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The big shareholder groups in uniQure N.V. (NASDAQ:QURE) have power over the company. Institutions often own shares in more established companies, while it's not unusual to see insiders own a fair bit of smaller companies. Companies that have been privatized tend to have low insider ownership.
uniQure isn't enormous, but it's not particularly small either. It has a market capitalization of US$2.9b, which means it would generally expect to see some institutions on the share registry. In the chart below below, we can see that institutions are noticeable on the share registry. Let's take a closer look to see what the different types of shareholder can tell us about QURE.
What Does The Institutional Ownership Tell Us About uniQure?
Many institutions measure their performance against an index that approximates the local market. So they usually pay more attention to companies that are included in major indices.
As you can see, institutional investors own 62% of uniQure. This can indicate that the company has a certain degree of credibility in the investment community. However, it is best to be wary of relying on the supposed validation that comes with institutional investors. They too, get it wrong sometimes. When multiple institutions own a stock, there's always a risk that they are in a 'crowded trade'. When such a trade goes wrong, multiple parties may compete to sell stock fast. This risk is higher in a company without a history of growth. You can see uniQure's historic earnings and revenue, below, but keep in mind there's always more to the story.
Institutional investors own over 50% of the company, so together than can probably strongly influence board decisions. Our data indicates that hedge funds own 5.3% of uniQure. That catches my attention because hedge funds sometimes try to influence management, or bring about changes that will create near term value for shareholders. There are plenty of analysts covering the stock, so it might be worth seeing what they are forecasting, too.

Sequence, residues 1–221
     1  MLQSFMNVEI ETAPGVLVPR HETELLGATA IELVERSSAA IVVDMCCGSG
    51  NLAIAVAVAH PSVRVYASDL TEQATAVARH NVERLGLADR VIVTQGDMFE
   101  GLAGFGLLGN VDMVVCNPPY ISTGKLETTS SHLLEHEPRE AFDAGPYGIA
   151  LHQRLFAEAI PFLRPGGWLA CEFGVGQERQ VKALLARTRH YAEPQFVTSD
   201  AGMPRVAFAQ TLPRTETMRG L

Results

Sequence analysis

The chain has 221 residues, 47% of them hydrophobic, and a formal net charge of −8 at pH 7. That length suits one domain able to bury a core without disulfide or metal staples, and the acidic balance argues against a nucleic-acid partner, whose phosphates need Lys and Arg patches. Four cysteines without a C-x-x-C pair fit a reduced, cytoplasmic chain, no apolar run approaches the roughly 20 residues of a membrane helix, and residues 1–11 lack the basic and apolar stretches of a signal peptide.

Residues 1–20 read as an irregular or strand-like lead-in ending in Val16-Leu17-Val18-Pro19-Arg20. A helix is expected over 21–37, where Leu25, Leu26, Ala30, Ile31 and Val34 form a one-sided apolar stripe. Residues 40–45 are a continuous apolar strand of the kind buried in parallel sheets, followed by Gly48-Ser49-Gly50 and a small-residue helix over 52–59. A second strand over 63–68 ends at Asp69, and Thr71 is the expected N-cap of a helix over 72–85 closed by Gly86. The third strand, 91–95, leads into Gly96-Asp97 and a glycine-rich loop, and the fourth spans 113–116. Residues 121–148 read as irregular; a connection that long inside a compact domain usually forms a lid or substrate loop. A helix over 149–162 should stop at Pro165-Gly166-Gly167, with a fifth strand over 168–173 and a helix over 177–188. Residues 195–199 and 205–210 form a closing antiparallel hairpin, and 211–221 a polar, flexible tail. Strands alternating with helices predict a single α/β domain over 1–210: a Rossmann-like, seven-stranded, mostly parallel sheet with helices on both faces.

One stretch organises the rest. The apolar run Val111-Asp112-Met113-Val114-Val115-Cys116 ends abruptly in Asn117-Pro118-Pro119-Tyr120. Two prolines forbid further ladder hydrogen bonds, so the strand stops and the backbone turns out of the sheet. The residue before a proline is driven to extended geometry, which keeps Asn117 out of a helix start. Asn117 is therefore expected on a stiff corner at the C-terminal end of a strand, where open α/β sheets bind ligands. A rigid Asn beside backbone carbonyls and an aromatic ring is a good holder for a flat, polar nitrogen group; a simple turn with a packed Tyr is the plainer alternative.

Insider Ownership Of uniQure
While the precise definition of an insider can be subjective, almost everyone considers board members to be insiders. Company management run the business, but the CEO will answer to the board, even if he or she is a member of it.
Insider ownership is positive when it signals leadership are thinking like the true owners of the company. However, high insider ownership can also give immense power to a small group within the company. This can be negative in some circumstances.
We can see that insiders own shares in uniQure N.V.. The insiders have a meaningful stake worth US$67m. Most would see this as a real positive. It is good to see this level of investment by insiders. You can check here to see if those insiders have been buying recently.
General Public Ownership
The general public, with a 13% stake in the company, will not easily be ignored. While this size of ownership may not be enough to sway a policy decision in their favour, they can still make a collective impact on company policies.
Private Equity Ownership
With an ownership of 12%, private equity firms are in a position to play a role in shaping corporate strategy with a focus on value creation. Some investors might be encouraged by this, since private equity are sometimes able to encourage strategies that help the market see the value in the company. Alternatively, those holders might be exiting the investment after taking it public.
Public Company Ownership
Public companies currently own 6.3% of QURE stock. We can't be certain, but this is quite possible this is a strategic stake. The businesses may be similar, or work together.
I find it very interesting to look at who exactly owns a company. But to truly gain insight, we need to consider other information, too.
I like to dive deeper into how a company has performed in the past. You can find historic revenue and earnings in this detailed graph.
Ultimately the future is most important. You can access this free report on analyst forecasts for the company.
NB: Figures in this article are calculated using data from the last twelve months, which refer to the 12-month period ending on the last date of the month the financial statement is dated. This may not be consistent with full year annual report figures.
We aim to bring you long-term focused research analysis driven by fundamental data. Note that our analysis may not factor in the latest price-sensitive company announcements or qualitative material.
If you spot an error that warrants correction, please contact the editor at email@example.com. This article by Simply Wall St is general in nature. It does not constitute a recommendation to buy or sell any stock, and does not take account of your objectives, or your financial situation. Simply Wall St has no position in the stocks mentioned. Thank you for reading.